Friends today remembered a Manchester woman, who died with her boyfriend in a motorcycle accident in Hartford early Saturday, as a loving and supportive person with a spunky nature and a zest for life.

The woman, Amanda-Caroline Hersey, 24, was working towards a master's degree in community counseling at St. Joseph College in West Hartford at the time of her death.

Tamara Stevens, director of residential life and housing for the college, said today that the campus community was reeling with shock over Hersey's death, and looking for ways to honor her memory.

A vegetarian with a particular love for penguins, Hersey was "spunky - very energetic, and couldn't understand why everyone wasn't a fan of 1980s music" as she was, Stevens said.

She could be extremely silly, knocking on doors of the residential hall to collect chocolate to satisfy her ravenous sweet tooth, but could also be serious, said Stevens, a friend for six years.

A residential assistant and peer counselor for the college for the last 2½ years, Hersey supervised 42 undergraduate residents at Rosary Hall.

"She was very supportive, and the way she spoke was the way she thought," Stevens said, adding that Hersey didn't beat around the bush and tackled problems as they arose before they grew too large.

And she is well remembered on campus for hosting a toga party with a twist.

As part of her job, Hersey was to hold a program on alcohol awareness and the dangers of binge drinking, but these types of presentations are poorly attended, Stevens said.

So, instead, she planned a non-alcoholic "Animal House" type party that got the message out with flair.

"She played her '80s music, and with the costumes and everything, it brought everybody out, and she got the info out, but in a really neat way," Stevens said, adding that students are thinking of holding a similar celebration in her name as a memorial.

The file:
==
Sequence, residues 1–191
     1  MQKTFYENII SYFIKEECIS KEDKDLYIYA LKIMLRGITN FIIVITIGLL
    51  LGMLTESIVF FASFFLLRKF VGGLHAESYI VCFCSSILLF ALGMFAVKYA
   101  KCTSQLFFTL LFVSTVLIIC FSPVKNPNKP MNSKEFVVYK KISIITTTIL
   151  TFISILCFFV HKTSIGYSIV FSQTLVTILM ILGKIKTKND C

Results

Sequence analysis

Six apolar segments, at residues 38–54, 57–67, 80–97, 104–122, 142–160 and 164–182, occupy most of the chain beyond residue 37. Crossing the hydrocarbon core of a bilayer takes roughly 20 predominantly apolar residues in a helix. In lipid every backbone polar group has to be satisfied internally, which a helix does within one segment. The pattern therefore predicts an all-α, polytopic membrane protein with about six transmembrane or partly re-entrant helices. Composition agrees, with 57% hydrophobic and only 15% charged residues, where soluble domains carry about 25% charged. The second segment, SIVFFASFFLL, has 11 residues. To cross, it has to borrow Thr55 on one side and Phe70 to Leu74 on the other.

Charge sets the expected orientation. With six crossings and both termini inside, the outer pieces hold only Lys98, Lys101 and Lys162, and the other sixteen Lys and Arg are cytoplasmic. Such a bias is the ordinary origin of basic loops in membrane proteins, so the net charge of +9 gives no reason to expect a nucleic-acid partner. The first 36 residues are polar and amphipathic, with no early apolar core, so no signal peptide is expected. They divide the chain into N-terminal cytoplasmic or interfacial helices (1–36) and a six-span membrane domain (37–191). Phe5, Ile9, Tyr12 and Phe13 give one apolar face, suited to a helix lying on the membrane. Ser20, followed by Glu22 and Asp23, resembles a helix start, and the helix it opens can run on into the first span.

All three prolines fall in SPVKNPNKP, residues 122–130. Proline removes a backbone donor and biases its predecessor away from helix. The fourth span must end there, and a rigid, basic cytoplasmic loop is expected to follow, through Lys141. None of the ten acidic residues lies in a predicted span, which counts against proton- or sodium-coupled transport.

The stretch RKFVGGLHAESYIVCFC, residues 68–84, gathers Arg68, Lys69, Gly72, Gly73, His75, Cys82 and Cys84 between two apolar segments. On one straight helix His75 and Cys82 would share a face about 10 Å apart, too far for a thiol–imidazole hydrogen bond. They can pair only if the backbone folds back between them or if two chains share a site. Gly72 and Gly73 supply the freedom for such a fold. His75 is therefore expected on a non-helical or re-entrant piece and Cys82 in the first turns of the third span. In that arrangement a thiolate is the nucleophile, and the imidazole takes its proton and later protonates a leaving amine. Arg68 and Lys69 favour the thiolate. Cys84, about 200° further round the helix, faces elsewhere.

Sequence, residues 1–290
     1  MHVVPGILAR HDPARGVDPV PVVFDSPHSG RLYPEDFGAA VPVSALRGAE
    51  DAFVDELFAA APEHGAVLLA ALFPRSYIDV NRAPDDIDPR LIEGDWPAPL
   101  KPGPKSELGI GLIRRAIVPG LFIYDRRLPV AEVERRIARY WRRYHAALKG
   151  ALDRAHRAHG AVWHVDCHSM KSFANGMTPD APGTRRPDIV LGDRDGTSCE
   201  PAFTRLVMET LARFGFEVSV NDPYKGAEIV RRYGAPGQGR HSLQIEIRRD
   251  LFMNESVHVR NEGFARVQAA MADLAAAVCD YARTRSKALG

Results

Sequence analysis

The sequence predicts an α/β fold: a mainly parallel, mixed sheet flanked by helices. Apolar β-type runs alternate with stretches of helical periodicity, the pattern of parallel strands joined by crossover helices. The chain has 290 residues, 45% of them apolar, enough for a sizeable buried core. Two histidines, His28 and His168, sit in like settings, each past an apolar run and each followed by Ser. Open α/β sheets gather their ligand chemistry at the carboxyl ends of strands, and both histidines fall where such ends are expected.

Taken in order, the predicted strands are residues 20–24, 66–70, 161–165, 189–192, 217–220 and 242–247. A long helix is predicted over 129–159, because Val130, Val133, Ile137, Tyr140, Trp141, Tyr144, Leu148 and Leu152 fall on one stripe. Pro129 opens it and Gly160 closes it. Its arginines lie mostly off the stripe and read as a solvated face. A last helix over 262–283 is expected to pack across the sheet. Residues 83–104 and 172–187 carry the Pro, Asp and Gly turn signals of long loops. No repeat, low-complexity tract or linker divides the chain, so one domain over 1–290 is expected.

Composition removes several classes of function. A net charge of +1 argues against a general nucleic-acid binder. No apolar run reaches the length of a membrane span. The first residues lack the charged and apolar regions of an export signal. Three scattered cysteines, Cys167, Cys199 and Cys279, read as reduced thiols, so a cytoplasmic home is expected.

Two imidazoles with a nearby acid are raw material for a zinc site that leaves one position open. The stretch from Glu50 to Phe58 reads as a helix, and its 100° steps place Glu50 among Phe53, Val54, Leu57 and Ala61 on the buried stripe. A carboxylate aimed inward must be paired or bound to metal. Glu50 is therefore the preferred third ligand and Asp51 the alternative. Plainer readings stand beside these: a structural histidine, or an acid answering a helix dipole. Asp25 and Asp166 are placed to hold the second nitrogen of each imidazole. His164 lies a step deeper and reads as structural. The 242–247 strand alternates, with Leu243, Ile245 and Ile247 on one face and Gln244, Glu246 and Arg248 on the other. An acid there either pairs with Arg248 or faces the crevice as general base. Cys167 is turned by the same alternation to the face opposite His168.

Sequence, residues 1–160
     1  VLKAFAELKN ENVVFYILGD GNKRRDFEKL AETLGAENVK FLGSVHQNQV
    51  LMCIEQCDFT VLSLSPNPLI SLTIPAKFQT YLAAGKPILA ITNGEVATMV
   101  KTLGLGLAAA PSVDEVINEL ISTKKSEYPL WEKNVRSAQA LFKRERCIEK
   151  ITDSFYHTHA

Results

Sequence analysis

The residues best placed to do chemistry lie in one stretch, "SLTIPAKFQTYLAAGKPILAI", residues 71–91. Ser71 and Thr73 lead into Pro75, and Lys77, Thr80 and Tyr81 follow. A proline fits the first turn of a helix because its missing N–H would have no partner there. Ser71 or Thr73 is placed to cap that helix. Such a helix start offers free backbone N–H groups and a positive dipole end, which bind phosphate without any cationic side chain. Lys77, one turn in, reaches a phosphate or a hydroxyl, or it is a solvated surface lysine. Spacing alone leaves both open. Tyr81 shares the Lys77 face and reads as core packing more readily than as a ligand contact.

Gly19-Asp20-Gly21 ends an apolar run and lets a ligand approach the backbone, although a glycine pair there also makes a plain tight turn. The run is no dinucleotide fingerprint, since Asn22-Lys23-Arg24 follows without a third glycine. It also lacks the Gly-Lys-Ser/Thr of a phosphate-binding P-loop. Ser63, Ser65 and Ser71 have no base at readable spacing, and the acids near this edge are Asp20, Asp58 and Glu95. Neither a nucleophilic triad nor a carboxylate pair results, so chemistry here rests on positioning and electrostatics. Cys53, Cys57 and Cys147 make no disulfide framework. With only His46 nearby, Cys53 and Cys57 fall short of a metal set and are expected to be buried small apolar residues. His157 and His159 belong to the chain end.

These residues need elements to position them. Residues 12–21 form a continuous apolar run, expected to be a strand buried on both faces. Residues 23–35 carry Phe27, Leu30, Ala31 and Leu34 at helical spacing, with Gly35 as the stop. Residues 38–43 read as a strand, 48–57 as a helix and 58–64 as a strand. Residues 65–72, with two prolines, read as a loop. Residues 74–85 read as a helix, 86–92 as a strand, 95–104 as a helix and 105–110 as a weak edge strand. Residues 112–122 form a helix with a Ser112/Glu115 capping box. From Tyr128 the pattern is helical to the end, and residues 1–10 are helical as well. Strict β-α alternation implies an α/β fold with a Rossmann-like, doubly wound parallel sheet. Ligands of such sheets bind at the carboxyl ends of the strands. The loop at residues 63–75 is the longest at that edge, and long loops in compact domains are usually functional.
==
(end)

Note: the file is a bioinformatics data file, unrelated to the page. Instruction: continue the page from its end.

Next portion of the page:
Students are finding it difficult, as her death was so sudden, Stevens said.

According to Hartford police, Hersey and Bryan Hood, 23, of Marlborough, her boyfriend for the last year, were both found around 3 a.m. Saturday lying unresponsive with life threatening injuries in the roadway near 887 Asylum Ave.

They were taken to St. Francis Hospital and Medical Center, where Hersey was pronounced dead on arrival. Hood died later that day.

The road was wet from a daylong rainstorm, and the 2005 Suzuki SC5 may have been going too fast for conditions as it traveled from the downtown area, heading west on Asylum Avenue, police said.

Police said no other vehicle was involved in the accident. They have not released who was driving the motorcycle at the time of the crash.

"The preliminary investigation revealed that speed and wet road conditions due to the heavy rain were both factors in the crash," Sgt. Jason Thody, commander of the department's Crime Scene Division, said in a press release issued Monday.

Officials at St. Joseph College said today the entire campus is grieving over the loss, and that classes would be cancelled Thursday morning to allow students and teachers to attend the funeral.

Christine M. Looby, St. Joseph spokeswoman, said Hersey graduated cum laude when she received her bachelor's degree in 2005 and was inducted into the Psi Chi Society, the National Honor Society in Psychology.

She was on schedule to receive her master's degree in the graduate school's community counseling program in December of 2007, Looby said.

Stevens said Hersey was set to finish her course work this spring, and was deciding where to do her practicum next year.

She knew she wanted to work with children, and was debating between early childhood and adolescent counseling, Stevens said.

Born in Manchester and a graduate of Manchester High School, Hersey leaves behind her mother and father, Kathleen (Cratty) Hersey of Manchester and Douglas Hersey of Dover, N.H., and three sisters, Suzanne M. Hersey of Brooklyn, Conn., Leigh Wolsleben of Houlton, Maine, and Tacie Hersey of Rochester, N.H.